Keeping your content tidy using minimalist approaches
How many of you are told to write daily copy, increase blog posts, and share more on social media? More content is often seen to equal success.
“We must be doing well, we’ve published six blogs, tweeted 60 times and published 25 news articles this week”
Stop. How long did it take to write those, a day, two days, more? What was the goal associated with publishing that content?
We know from experience that university websites are vast. Having the “publish more” mentality only makes the issue worse. If you keep publishing without removing anything you are in danger of having out of date and incorrect content that brings legal and financial risk to your institution.
And worse, it gives your site users a bad experience.
I read the books of The Minimalists (Joshua Fields Millburn and Ryan Nicodemus) a few years ago and applied their approaches to my life back then. With Marie Kondo causing a sock-rolling, joy-sparking revolution in 2019, minimalism is on my radar again.
Is it possible to use minimalist ideas and approaches to physical decluttering when managing your digital content and strategy? I’ve taken a look at some key approaches to find out.
Focus on quality over quantity
A core concept behind minimalism is that anything you own should be the highest quality you can afford. The idea is that you are not going to own 15 pairs of jeans, therefore invest in the ones that will last and that make you look great.
Apply this approach to the content you are producing. It’s better to plan and follow up five tweets in a week than churn out 20 generic posts. Choosing what and why you publish more carefully means you can effectively measure what you are doing and prove the worth. Who knows, next time you might get some budget to do something even better.
Stop doing the stuff that doesn’t serve you
What are the things you do just because you always have? We all have habits or routines that sometimes make you wonder where all the time goes. Removing these anchors to the day to day repetitive behaviour frees you up to be creative.
In terms of content strategy, you might always be called upon to sign off something in the workflow.This role was probably established years ago when the person responsible for content creation was very junior.The situation has now changed and you can fully trust the content designer you work with.Take yourself out of the process and free up your time to think strategically.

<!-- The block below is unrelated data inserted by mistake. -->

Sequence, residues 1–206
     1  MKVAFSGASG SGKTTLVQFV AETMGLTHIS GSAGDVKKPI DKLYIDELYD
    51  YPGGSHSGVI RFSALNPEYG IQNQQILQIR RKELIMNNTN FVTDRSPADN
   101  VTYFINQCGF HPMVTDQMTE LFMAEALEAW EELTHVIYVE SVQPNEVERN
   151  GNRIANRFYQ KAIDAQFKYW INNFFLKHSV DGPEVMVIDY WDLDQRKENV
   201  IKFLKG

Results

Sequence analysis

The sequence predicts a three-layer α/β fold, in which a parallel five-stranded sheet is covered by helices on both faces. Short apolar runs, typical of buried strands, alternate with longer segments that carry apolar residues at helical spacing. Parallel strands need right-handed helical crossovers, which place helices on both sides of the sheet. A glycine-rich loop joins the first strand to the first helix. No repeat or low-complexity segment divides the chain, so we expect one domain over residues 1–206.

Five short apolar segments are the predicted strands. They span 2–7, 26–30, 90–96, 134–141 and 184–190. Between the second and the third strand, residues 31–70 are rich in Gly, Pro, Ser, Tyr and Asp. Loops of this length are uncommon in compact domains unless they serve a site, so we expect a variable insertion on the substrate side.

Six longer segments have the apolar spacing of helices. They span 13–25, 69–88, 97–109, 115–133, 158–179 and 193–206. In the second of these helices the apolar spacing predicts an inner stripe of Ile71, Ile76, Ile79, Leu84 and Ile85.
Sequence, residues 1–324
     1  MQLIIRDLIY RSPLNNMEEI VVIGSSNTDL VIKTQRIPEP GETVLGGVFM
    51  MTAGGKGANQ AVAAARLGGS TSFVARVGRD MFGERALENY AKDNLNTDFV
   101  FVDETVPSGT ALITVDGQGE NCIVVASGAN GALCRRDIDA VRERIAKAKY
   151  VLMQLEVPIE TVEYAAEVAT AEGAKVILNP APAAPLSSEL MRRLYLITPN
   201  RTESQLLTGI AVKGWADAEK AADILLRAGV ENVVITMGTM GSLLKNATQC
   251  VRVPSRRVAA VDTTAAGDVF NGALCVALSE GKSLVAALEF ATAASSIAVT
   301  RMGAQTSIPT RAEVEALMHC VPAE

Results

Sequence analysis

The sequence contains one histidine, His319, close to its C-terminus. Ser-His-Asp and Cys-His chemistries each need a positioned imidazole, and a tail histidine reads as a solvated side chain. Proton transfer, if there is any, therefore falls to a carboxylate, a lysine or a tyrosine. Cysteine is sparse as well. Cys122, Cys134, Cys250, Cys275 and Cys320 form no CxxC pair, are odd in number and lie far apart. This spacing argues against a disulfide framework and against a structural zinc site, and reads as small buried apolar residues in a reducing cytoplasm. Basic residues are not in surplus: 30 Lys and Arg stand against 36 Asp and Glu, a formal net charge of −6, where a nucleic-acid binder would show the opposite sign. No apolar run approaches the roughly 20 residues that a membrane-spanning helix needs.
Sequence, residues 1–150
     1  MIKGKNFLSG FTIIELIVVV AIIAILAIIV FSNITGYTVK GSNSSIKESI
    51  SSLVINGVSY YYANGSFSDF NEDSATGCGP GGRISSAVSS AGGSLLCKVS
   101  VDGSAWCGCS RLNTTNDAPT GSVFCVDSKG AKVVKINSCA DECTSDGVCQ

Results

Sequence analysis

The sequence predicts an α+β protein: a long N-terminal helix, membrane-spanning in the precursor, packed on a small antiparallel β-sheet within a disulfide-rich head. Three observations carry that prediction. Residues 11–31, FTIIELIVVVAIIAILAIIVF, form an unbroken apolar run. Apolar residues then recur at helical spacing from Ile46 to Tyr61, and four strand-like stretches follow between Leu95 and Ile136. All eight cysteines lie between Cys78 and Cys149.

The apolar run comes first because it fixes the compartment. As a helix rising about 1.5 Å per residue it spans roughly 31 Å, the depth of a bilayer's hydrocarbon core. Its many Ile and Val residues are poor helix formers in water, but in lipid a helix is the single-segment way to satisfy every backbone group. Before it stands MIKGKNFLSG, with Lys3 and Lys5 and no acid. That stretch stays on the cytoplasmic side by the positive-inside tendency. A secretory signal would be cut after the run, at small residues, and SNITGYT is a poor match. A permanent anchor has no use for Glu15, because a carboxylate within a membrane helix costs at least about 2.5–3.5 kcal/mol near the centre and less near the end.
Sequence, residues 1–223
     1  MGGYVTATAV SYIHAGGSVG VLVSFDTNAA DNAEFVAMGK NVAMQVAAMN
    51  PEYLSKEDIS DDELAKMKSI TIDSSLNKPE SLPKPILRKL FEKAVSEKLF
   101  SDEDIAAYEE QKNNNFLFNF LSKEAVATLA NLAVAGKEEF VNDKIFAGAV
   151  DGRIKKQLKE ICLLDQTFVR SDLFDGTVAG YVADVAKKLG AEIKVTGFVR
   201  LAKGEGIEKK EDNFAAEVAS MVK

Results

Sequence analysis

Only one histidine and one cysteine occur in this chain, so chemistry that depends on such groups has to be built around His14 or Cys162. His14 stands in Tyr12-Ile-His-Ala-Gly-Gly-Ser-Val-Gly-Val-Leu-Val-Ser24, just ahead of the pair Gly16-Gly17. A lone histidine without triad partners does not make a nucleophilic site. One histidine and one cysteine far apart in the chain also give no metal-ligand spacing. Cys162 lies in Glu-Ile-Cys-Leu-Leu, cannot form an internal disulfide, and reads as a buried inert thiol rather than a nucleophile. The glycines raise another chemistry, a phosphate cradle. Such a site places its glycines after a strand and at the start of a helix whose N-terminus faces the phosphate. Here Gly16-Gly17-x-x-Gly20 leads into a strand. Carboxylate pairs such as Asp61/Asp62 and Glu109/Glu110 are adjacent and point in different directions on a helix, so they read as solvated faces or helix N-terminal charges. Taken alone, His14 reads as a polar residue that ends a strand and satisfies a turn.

Have a packing party
Imagine you were about to move house. Get your friends round for a packing party – all your things need to be in boxes. Then imagine only unpacking the things you need, when you need them.
After a month, what might be unpacked: your kettle, a plate, some clothes, your laptop? These items are the possessions equivalent of a website top task.
Potential students want to know about courses, how to apply, what it costs to study and where they will live. So, if you are planning a large scale web redevelopment with a content management system migration included, this is the content you prioritise (unpack first). Long gone is the ‘lift and shift’ model where everything gets moved and unpacked with no review.
Of course, there will be seasonal items that you might not have unpacked straight away, for example a winter coat if you moved in summer. It is still an important item but like university events like graduation, clearing or an open day, it isn’t needed all the time.
This is where you get clever with your content and only serve this information when it’s needed. There’s no point cluttering up course pages with information about preparing for clearing in December, but once you hit June, your audience is starting to expect that content available to them.
Play the Minimalism Game
The Minimalists challenge their readers to a regular game. Choose a month to play and through that month you get rid of ‘stuff’ every day. You get rid of one item on the first, two on the second, three on the third, and so on until, yes, you guessed it, you get rid of 31 items on the last day of the month.
How could this approach apply to university content? Consider using this following a site audit that has identified content that is no longer needed. Often audits are left to stagnate and there are no follow up actions. Associating an audit with the Minimalism Game approach would create momentum and healthy competition to reach the targets.
On day one, remove a superfluous page from your website. On day two, remove two archive folders from somewhere. On day three replace three PDFs with more accessible content. Be creative with your Minimalism Game plan.
Approaching your content in this way makes it fun and no longer a huge undertaking. By the end of the month your site will be free of 496 bits of noise you would otherwise have left. Aligning it to an audit keeps it planned and part of your strategy, not just a random exercise.
I challenge you to try this and let us know how it goes. I played the Minimalism Game once. And by day 31, paper clips totally count.
So, the next time someone asks you to create more, write more, publish more. Take pause and be more minimalist.
I would love to explore how we could apply these approaches to your next project. Get in touch to find out how we could look at your content through a minimalist lens.